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BenRobertsEquityModel.pdf


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The rest of the pi (s)’s can be found in an iterative fashion. Note that this
method can be quite computationally expensive as the calculation of pi (s)
is the weighted average of (n − 1)!/(n − s)! terms.

3.2

My algorithm

My algorithm works in a similar fashion to a different algorithm — the
Malmuth-Weitzman (MW) algorithm. The MW algorithm assumes that the
probability that player i is next eliminated is inversely proportional to his
chip stack, and if realized reallocates his chips evenly amongst the remaining
players.
My algorithm makes a slightly different assumption about the probabilities of next elimination:
1 X 1
pi (n) ∝ 2 ·
.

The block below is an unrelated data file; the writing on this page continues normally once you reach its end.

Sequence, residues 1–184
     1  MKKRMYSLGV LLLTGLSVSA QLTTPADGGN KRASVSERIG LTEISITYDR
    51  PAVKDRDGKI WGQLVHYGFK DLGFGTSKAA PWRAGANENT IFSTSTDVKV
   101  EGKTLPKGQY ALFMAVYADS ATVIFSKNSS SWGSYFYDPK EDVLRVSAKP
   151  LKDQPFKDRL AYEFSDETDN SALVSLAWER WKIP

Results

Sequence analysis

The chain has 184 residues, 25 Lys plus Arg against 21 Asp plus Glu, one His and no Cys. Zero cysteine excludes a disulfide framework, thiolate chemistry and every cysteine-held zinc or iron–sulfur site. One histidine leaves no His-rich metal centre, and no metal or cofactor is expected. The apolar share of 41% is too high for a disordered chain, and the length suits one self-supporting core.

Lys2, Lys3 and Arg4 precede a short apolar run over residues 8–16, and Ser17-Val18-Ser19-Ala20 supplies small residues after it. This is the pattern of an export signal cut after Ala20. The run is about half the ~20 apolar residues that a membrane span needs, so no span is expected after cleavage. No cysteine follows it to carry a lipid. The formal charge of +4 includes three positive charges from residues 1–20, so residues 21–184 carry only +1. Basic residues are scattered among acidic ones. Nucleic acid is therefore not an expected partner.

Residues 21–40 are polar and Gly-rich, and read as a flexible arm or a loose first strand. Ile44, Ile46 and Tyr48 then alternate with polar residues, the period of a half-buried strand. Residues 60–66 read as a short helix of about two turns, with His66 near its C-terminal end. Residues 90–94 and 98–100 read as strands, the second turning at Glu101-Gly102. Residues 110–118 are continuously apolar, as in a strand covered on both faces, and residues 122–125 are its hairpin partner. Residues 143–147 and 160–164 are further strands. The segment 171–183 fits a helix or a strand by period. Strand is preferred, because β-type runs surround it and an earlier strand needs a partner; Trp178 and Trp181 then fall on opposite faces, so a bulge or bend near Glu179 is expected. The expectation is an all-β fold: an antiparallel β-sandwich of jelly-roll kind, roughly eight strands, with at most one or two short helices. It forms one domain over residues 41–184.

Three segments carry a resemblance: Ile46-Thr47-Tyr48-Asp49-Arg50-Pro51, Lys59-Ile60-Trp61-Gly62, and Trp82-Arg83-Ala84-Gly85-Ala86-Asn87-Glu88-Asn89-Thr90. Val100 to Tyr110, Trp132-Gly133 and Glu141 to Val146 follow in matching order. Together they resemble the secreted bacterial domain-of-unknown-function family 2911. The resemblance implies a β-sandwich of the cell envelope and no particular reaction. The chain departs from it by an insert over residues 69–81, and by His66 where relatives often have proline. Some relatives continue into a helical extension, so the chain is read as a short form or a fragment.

(2)
xj
xi
j6=i

If eliminated, player i’s chips are then distributed amongst the remaining
players inversely proportionally to their stacks:
P(j wins | i next elim) =
where
δij = P

x−1
j

−1
k6=i xk

xj + δij xi
,
X
,

and X is the total number of chips in play. Given that we redistribute a
busted player’s chips in this fashion, the elimination probabilities (2) are
necessary to ensure that a player’s chip stack is a martingale, which in turn
ensures the correct winning probabilities (1).
An intuition of why a shorter stacked player should gain more of player
i’s chips given that i is next eliminated can be gained by realizing that
the information is more valuable to him. For example, suppose there are
three players left with chip stacks in the ratio of 1 : 1 : 10. We denote the
probability that player 3 wins given that player 1 is next eliminated
by p˜3 (1). By symmetry,
p˜3 (1) =

p3 (1)
.
1 − p3 (3)

The probability that player 3 is next eliminated p3 (3) is clearly very small,
and thus p˜3 (1) is very close to p3 (1). This is reflected by transferring only a
small fraction of player 1’s chips to player 3 upon his elimination, while the
bulk are transferred to player 2.
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